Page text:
A. Michael Evans, Jr. (Courtesy photo)

Michael Evans, Jr. walked through the doors of Crenshaw Christian Center (CCC) in 1974 seeking the Word of God. What he found in the pews of the vaunted church was a wonderful decades-long career and much more than he imagined. He would become a trusted confidant of the late Apostle Frederick K.C. Price, and later be put in charge of the ministry’s Ever Increasing Faith (EIF) crusades, radio and television broadcasts, and even the airplane that would take him and Apostle Price all over the world to spread the Word of God.

This Summer, after 38 years as a faithful behind-the-scenes servant, Evans retires from the church he helped transform and that transformed him. He will continue to worship at the church he helped build, but he will no longer be on the payroll. “It’s surreal,” he said, as he sat for this interview in his office, looking around at all the promotional cups, pens, and other items he and his team created to grow the ministry. “Tomorrow I will be retired. I am not sure what I am going to do.”

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One thing is certain. Evans has no doubt about how he wants to be remembered. “I want to be remembered as the guy who made it happen,” he said with his matter-of-fact style. And God knows this is exactly what he did. Evans worked tirelessly to ensure as he says, “all the Apostle had to do was show up and share the Word.”

Apostle Price and A. Michael Evans, Jr. (Courtesy photo)

From getting Apostle Price’s name on the marquee at Madison Square Garden, to making sure the ministry’s airplane was fueled and flight ready, negotiating to have EIF aired on the Lifetime network, travelling ahead to smooth relations with the Teamsters and ensure venues from Los Angeles to Lagos were ready for the charismatic Pastor to teach and preach the Word. In short, Evans was “the guy” Apostle Price knew he could count on.

It was an honor and responsibility Evans took seriously. “I was the representative of all things CCC and EIF. I was representing Apostle Price. I had to know my stuff, he said. “Years ago, I remember someone saying to me, ‘the church is a business and if you don’t run it like a business you are going to run it out of business,’” Evans continued. “I always wanted to be known as someone who took care of business.”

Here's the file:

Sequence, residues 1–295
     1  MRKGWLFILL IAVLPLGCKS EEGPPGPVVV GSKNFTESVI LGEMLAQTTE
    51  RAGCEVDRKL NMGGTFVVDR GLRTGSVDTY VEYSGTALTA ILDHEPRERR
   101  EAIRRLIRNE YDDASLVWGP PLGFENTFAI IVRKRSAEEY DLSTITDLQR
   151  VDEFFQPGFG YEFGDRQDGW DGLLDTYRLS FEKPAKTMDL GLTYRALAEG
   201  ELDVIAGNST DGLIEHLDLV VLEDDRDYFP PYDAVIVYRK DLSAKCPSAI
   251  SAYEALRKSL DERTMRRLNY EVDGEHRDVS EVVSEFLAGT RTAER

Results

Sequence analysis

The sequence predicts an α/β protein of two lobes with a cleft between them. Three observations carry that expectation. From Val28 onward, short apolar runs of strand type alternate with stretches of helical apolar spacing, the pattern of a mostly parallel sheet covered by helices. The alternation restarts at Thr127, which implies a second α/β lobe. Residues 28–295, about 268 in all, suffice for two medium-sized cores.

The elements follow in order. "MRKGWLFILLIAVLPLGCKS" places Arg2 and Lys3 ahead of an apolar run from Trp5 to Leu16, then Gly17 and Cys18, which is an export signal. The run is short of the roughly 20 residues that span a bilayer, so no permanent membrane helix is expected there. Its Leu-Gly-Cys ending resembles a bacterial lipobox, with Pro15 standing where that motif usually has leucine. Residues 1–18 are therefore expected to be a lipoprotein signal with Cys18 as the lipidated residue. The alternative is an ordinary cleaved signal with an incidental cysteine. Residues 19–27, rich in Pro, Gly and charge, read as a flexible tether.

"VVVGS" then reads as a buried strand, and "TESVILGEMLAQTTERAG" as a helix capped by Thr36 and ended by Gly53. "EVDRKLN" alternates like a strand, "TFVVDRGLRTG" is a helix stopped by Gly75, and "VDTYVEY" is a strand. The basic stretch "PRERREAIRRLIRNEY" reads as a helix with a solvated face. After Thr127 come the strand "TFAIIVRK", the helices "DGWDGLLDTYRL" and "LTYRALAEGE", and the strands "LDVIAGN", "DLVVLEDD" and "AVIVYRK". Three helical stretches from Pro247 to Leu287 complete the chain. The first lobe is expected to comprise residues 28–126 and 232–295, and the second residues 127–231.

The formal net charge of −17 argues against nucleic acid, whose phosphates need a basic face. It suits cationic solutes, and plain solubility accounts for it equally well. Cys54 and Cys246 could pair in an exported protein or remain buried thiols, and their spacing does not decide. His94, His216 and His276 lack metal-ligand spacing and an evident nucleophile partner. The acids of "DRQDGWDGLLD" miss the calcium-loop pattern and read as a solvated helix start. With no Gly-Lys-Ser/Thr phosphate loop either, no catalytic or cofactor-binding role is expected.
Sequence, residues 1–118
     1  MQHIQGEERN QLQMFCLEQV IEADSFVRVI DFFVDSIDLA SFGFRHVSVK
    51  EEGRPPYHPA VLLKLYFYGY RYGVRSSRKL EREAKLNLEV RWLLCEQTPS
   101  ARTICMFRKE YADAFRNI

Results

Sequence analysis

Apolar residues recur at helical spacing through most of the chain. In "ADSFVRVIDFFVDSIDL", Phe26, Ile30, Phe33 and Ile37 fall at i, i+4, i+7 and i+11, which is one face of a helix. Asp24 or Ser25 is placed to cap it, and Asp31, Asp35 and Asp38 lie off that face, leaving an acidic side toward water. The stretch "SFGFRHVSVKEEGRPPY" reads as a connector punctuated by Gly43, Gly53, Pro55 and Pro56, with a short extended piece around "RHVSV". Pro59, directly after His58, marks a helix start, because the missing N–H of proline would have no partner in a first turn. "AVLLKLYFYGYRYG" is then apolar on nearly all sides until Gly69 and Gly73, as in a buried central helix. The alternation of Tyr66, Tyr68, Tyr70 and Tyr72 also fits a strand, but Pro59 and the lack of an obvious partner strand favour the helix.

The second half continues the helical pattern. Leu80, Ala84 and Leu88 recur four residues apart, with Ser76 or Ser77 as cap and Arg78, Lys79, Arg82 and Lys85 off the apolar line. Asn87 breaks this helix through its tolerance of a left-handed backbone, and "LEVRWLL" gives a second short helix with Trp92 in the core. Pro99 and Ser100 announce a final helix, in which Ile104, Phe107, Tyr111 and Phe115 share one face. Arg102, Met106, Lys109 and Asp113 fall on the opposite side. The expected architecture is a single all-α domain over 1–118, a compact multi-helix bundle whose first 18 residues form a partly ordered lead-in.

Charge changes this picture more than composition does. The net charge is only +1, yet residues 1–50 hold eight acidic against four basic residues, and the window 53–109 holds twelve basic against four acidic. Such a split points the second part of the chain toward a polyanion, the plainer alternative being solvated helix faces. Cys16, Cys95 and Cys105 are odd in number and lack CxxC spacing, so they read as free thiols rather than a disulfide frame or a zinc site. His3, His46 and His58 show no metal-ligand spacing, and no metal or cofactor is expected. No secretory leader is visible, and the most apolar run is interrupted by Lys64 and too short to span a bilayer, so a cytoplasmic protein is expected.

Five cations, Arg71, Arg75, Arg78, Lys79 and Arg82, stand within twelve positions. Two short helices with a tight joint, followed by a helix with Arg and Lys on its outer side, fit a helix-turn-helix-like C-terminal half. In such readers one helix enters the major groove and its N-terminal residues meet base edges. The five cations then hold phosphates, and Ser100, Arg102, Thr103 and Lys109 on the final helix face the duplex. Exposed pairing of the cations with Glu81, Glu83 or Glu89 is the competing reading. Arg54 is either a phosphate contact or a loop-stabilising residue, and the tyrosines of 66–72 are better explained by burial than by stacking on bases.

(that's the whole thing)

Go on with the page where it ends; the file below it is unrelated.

Evans is proud he was able to help EIF streamline processes, build relationships, grow its outreach and save money. And, just as Evans gave his all to the ministry, the ministry gave back to him. He says he learned so much about integrity, building a strong Christian family, and the power of personal appearance, from the impeccably groomed Apostle Price.

From left are Alan and Carries Evans, Adrian Evans, Angela and Michael Evans. Front row: Anthony, Akira, Atreyu (Courtesy photo)

Throughout his tenure Evans took care of many aspects of the ministry. He married Apostle Price’s eldest daughter, Angela, in 1976 and attended the church while working for Southern Pacific Railroad. There, he became the first African American train dispatcher, which was a big deal. He was also a respected member of the Price family, but Apostle Price saw his potential to do more.

An astute observer of human nature, Apostle Price recognized his son-in-law’s relentless work ethic, strategic thinking, and abundant common sense as a volunteer with the ministry. Initially, Evans used his vacation time to help the Apostle with his crusades. That part-time volunteerism grew into a full-time labor of love as an eventual position on staff.

“I held the Apostle in such high esteem that I never wanted to disappoint him,” said Evans who admits he learned on the job. “I humbled myself and asked people what I didn’t know,” the 75-year-old Evans recalled. “I went over and above. I did my homework and did everything I could to make sure things were flawless. I went the extra mile.”

Dr. Frederick K. Price presents a service award plaque to A. Michael Evans, Jr. (Courtesy photo)

And, Evans travelled the world — something he says he is grateful for — visiting Europe, Africa, Asia and the Caribbean as Apostle Price took his message of faith around the globe. One treasured memory is a cruise he coordinated and promoted that saw passengers being called to Christ in the ship’s disco.

“The disco was one of the most beautiful places on the ship — ornate, eclectic, and during the day, it was empty,” Evans recalled. “So, we would hold services in the disco and the Apostle would call people to the altar to accept Jesus Christ. Can you imagine being saved in a disco?” he said with a chuckle.

A. Michael Evans, Jr. with the ministry’s airplane. (Courtesy photo)

Long hours, countless frequent flyer miles, and being a part of something bigger than himself are memories Evans will treasure as he eases back into his front row seat at the Faithdome and savors the sermon now being delivered by his brother-in-law, Dr. Frederick K. Price.

Although Evans says the last couple of years without the Apostle, who passed away from complications of COVID in 2021, have been difficult for the church, he is confident that CCC and EIF will continue to evolve in a way that uplifts lives and honors the Word of God.

After all, as the bible says in Ecclesiastes 3: 1-8: To everything there is a season, and a time for every matter or purpose under heaven.”

Like his father-in-law, Evans is a consummate family man as the husband of Angela Evans, who both dote on a son, daughter, and three very active grandsons. Evans is also an avid drag racing fan and former windsurfer. He loves all things aquatic — sailing, scuba diving, snorkeling, swimming, and deep-sea fishing. He and the late Apostle dove all over the world, with their most memorable dive being in the Red Sea in Egypt’s Dahab.

Evans enjoys riding the motorcycle. (Courtesy photo)